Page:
Tuesday, April 24, 2012

Legacy

Chuck Colson passed away over the weekend. Christian conservative, founder of Prison Fellowship, former Nixon aide and Watergate conspirator... the reflections on the man, his faith, and his legacy take many different views depending on where one falls on the faith and politics spectrum. Here's just a small sampling:
  • Frank Schaeffer: An Evangelical Homophobic Anti-Woman leader passes on
  • Christianity Today: Remembering Charles Colson, a Man Transformed (among others)
  • The Christian Post: Christian Leaders Remember Their Hero Chuck Colson Among Media Skepticism (among others)
  • Get Religion: On Chuck Colson: Can Reporters See Past Watergate?
  • Internet Monk: Eulogies and Dyslogies for Charles Colson

I don't really have much to add; I didn't know the man and was born in the aftermath of Watergate. My politics in general aligned with his, though I bristle at the notion of a Religious Right. I included Schaeffer's controversial post above to point out that not everyone sees the man the same way and politics often cloud our perspectives.

The legacy I want to focus on however, has nothing to do with politics per se. I knew the name, and associated it with the Religious Right, but it wasn't until I started to listen to his daily radio program, Breakpoint, that I really began to take notice. When I started this blog, Colson's words from his program and from his colleagues on his website, were in the back of my mind when I named it Public Christianity: The Opposite PC. You may have disagreed with Colson's politics, but it would be hard to argue against his ministry to engage the culture around us with our faith. In fact, I kept links to his website alongside Sojourners to encourage that engagement, regardless of political affiliation. (And I'm sad to see that SoJo has yet to post anything on Colson's passing)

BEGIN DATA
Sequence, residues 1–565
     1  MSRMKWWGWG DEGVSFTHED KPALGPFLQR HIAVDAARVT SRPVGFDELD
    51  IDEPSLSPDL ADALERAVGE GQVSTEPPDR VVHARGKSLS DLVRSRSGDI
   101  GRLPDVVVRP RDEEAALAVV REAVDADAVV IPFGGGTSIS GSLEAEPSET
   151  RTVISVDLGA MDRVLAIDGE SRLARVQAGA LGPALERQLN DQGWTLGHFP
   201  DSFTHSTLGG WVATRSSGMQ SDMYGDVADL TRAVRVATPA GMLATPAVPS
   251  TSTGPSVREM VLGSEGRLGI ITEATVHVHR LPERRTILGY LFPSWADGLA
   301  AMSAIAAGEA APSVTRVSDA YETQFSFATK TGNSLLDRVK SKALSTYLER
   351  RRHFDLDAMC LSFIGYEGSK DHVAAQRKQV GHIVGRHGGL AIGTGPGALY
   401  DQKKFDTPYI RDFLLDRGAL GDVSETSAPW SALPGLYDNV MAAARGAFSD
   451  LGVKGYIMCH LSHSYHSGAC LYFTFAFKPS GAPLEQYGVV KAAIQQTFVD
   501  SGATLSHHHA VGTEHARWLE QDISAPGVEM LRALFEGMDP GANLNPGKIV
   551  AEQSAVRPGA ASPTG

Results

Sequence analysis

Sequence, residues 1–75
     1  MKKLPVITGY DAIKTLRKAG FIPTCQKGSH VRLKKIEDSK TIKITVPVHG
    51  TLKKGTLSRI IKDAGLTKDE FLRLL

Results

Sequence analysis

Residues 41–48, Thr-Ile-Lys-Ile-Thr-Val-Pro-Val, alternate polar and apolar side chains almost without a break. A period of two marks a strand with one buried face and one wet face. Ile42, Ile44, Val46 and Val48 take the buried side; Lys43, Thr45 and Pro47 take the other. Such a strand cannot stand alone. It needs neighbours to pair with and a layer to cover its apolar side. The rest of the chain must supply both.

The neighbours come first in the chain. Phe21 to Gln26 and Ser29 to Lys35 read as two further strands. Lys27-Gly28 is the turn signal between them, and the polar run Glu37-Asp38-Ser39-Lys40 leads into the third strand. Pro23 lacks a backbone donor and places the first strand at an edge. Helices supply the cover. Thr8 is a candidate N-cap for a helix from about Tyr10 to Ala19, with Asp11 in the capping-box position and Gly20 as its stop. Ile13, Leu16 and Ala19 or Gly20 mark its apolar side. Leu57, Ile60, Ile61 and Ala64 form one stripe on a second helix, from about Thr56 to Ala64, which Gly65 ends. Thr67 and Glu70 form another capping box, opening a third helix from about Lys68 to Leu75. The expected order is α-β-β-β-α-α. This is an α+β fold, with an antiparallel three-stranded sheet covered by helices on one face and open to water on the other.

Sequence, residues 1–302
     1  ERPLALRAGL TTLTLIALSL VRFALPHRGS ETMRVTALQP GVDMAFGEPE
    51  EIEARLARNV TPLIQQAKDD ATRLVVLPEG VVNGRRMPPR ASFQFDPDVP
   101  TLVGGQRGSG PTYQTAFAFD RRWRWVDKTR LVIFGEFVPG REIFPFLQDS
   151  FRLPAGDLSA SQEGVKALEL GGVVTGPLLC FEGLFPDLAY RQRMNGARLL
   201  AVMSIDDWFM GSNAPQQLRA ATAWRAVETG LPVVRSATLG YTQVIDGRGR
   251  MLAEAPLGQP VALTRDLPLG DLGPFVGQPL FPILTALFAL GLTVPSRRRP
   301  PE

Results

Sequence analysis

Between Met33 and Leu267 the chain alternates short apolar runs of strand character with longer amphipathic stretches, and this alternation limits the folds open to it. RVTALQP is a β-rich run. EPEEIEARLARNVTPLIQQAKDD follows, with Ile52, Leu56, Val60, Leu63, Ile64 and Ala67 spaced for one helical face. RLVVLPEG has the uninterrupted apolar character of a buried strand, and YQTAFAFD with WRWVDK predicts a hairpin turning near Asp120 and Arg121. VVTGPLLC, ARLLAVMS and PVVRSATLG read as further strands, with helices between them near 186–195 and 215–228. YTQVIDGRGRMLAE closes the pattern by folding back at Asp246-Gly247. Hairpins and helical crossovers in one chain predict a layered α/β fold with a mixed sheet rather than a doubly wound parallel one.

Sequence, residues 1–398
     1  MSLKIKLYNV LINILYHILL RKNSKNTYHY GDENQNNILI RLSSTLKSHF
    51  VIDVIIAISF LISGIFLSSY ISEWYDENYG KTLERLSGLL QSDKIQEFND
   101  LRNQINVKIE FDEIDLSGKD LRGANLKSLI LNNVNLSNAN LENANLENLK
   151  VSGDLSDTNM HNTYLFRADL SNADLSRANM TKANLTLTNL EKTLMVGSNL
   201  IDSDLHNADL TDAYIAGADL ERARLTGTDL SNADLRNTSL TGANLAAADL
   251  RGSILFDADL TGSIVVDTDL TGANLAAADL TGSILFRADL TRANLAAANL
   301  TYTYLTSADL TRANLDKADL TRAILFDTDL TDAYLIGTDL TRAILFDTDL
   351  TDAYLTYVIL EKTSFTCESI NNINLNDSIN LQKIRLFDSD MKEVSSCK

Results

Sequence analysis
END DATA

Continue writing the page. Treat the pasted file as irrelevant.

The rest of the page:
So Colson has passed on. Eric Metaxis, author of the best-selling book Bonhoeffer: Paster, Martyr, Prophet, Spy now takes on his radio program. Fitting, as Bonhoeffer is another who felt the fire of the Holy Spirit to engage his culture with his faith. So that torch has been passed to the next generation. How will we engage our culture in Colson's wake? Will we protest and picket? Will we "get out the vote"? Or will we live out our faith actively in our daily lives, exhibiting the love of Christ and his call to discipleship to those around us through ministries such as Prison Fellowship? Will Colson's legacy ultimately be political, or will it be transforming?